Allopurinol dose escalation for gout fails to reduce mortality
Allopurinol dose escalation for patients with gout did not result in improved survival under the currently common practice of prescribing only limited increases, according to findings published in Arthritis and Rheumatology.
“Gout is the most common form of inflammatory arthritis in the world and impacts about 8 million adults in the United States alone,” Ted R. Mikuls, MD, MSPH, of the Veterans Affairs Nebraska-Western Iowa Health Care System and the University of Nebraska Medical Center, told Healio Rheumatology. “This is particularly noteworthy given the ‘bad company’ that gout likes to keep in terms of higher rates for several comorbid conditions such as diabetes, hypertension, hyperlipidemia, and perhaps not surprisingly, cardiovascular disease.”
According to Mikuls, there have been several previous studies linking uric acid and gout to increased risk for cardiovascular disease.
“Moreover, there have been suggestions that drugs that we use to lower uric acid and treat gout, such as allopurinol — by far the most common urate lowering agent used — may be cardioprotective,” he said. “However, studies looking at this latter issue have largely looked at users vs. nonusers and we believe that approach is prone to substantial bias.
To examine whether allopurinol dose escalation, as is recommended in management guidelines, leads to a reduction in cause-specific mortality, the researchers conducted a 10-year, active-comparator study of patients who received the drug for gout from the U.S. Veterans Health Administration from 1999 to 2010. Propensity score matching with Cox proportional hazards and competing risks regression were used to determine cause-specific mortality differences between dose escalators and nonescalators.
A total of 31,335 patients met the researchers’ eligibility criteria, with 25,378 having the complete data required for propensity score matching. Of those, 6,428 patients were sorted into both propensity-matched cohorts of dose escalators and nonescalators.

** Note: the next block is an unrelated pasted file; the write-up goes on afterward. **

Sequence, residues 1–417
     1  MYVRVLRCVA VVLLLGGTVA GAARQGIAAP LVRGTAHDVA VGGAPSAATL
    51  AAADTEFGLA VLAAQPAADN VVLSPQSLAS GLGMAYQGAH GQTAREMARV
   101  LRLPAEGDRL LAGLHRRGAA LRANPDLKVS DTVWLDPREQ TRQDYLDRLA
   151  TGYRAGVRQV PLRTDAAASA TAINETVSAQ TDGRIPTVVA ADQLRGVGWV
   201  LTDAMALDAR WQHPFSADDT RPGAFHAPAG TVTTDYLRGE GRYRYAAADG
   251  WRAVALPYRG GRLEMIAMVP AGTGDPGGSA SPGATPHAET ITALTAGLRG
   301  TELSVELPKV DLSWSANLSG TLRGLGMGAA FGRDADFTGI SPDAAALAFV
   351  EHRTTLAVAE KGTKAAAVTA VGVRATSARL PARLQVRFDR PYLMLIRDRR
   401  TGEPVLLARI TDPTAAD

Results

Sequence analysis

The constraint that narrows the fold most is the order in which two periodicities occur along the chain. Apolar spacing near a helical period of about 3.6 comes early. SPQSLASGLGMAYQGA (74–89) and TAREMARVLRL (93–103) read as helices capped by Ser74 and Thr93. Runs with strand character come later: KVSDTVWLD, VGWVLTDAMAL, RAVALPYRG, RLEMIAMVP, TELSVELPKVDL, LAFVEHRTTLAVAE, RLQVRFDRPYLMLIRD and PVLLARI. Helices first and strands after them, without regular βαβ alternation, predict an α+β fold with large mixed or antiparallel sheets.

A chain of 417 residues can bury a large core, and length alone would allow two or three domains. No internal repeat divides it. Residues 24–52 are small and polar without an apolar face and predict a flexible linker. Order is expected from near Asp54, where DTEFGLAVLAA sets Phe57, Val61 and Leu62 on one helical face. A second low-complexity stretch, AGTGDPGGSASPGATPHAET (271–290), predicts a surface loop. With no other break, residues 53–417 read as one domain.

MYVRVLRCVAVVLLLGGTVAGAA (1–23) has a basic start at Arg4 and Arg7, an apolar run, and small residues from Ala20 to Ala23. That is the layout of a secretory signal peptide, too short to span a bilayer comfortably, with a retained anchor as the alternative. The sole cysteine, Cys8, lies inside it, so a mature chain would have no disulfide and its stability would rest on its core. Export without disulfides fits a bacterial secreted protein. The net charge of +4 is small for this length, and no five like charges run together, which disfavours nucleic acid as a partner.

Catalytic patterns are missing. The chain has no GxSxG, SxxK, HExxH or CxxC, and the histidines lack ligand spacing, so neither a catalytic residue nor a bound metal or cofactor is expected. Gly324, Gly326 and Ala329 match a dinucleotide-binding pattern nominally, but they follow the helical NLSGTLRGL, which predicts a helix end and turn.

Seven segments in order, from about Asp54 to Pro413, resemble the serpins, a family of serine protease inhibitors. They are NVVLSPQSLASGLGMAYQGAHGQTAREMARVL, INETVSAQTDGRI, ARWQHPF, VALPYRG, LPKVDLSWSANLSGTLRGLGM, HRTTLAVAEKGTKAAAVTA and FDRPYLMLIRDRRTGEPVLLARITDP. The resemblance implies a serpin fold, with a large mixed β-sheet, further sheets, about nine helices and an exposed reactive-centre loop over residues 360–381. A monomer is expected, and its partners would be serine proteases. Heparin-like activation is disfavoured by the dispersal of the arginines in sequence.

According to the researchers, there were 2,867 deaths among both matched cohorts, meaning there were 40.4 deaths per 1,000 person-years. Dose escalators demonstrated a small increase in all-cause mortality (HR = 1.08; 95% CI, 1.01-1.17), with similar effect sizes for CV (HR = 1.08; 95% CI, 0.97-1.21) and cancer mortality (HR = 1.06; 95% CI, 0.88-1.27). In the escalator cohort, dose escalation to achieve a serum urate goal of less than 6 mg/dL was limited, with just 10% receiving daily allopurinol doses of more than 300 mg. Just 31% achieved the serum urate goal after 2 years.
Focusing only on escalators who achieved the serum urate goal, the researchers found a 7% reduction in cardiovascular mortality (HR = 0.93; 95% CI, 0.76-1.14), although this was not statistically significant.
“Based on our results, it’s clear that allopurinol dose escalation, at least as it is currently used in real life practice, does not yield benefit in terms of mortality reductions,” Mikuls said. “This last point is important, because clearly aggressive dose escalation was rarely observed in this study.”
Mikuls noted that, even among patients who received escalated doses, just 10% ever achieved daily doses of more than 300 mg, despite allopurinol being approved for daily doses of up to 800 mg.
“Interesting, there was a trend toward a reduction in CV deaths among the approximate one-third of escalators achieving serum urate goal, suggesting that perhaps a benefit could be seen if more aggressive treat-to-target strategy was more widely adopted,” he said. “Whether gout treatment that better aligns with best practice (particularly one that systematically incorporates dose escalation as part of broader treat-to-target strategy) is still an unknown.” – by Jason Laday
Disclosure: The researchers report funding from the Rheumatology Research Foundation, the University of Nebraska Medical Center and the Nebraska Arthritis Outcomes Research Center.